"Republicans share the president's goal of getting better teachers in the classroom," said Kline spokeswoman Alexandra Sollberger. "However, we also value transparency and efficient use of taxpayer resources."
Education Secretary Arne Duncan said he expected the two parties to come together to support achievement in areas of high demand.
"This initiative has nothing to do with politics," Duncan said. "It's absolutely in our country's best long-term economic interest to do a much better job in this area."
A report released in February by the President's Council of Advisers on Science and Technology found that the U.S. must increase by 34 percent the number of students receiving degrees in science, math and related fields to keep up with economic demand.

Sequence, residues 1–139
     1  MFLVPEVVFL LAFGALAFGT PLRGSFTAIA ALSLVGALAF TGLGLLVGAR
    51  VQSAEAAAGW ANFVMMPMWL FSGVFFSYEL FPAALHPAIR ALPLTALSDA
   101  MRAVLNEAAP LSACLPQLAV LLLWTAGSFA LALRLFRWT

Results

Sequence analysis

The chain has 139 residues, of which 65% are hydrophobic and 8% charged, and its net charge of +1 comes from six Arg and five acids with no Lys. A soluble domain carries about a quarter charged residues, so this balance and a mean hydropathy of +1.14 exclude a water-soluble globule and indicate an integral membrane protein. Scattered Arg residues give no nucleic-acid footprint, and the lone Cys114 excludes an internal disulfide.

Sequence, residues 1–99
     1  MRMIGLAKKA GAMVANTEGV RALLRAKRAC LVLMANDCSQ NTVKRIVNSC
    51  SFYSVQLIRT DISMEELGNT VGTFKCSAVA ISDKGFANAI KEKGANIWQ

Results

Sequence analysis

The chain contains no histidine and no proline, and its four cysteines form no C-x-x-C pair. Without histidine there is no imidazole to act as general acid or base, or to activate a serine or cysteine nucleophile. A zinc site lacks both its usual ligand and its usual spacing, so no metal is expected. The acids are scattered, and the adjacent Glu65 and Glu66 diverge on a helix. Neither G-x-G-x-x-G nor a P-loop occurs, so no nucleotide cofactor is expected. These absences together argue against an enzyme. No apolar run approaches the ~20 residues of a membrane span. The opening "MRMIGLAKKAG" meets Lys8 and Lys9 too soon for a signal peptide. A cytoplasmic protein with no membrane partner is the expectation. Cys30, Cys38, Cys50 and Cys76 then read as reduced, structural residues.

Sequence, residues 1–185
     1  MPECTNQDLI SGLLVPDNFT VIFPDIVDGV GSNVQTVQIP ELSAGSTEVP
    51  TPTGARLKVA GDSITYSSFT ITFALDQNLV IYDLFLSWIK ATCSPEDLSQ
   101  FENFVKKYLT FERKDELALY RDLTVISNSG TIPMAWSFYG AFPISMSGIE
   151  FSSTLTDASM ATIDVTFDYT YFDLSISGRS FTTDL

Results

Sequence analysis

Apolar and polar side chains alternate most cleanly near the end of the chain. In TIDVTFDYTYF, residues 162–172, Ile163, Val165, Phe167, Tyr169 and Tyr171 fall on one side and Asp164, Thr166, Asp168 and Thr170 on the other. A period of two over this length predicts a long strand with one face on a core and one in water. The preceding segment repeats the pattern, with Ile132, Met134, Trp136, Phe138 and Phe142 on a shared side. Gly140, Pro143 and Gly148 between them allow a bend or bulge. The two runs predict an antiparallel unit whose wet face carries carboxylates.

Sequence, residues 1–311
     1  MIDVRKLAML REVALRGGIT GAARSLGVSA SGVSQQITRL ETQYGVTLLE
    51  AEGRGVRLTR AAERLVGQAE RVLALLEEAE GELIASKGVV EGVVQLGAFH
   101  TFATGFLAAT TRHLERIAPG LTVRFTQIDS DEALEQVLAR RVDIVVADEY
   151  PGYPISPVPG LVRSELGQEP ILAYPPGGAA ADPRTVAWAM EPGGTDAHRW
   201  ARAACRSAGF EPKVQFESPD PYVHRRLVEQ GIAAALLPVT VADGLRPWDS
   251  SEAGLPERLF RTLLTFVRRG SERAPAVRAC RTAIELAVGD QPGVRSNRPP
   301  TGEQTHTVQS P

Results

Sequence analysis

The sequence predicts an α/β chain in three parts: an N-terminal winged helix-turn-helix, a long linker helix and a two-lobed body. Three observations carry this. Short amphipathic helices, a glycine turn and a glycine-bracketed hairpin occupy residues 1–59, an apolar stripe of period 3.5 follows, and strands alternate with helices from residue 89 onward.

The program will start with 2,500 teachers divided up among 50 different sites, the White House said, but will grow to include 10,000 teachers over the next four years. Obama, in partnership with a coalition of groups including the Carnegie Corporation of New York, has set a goal of producing 100,000 additional math and science teachers over the next 10 years.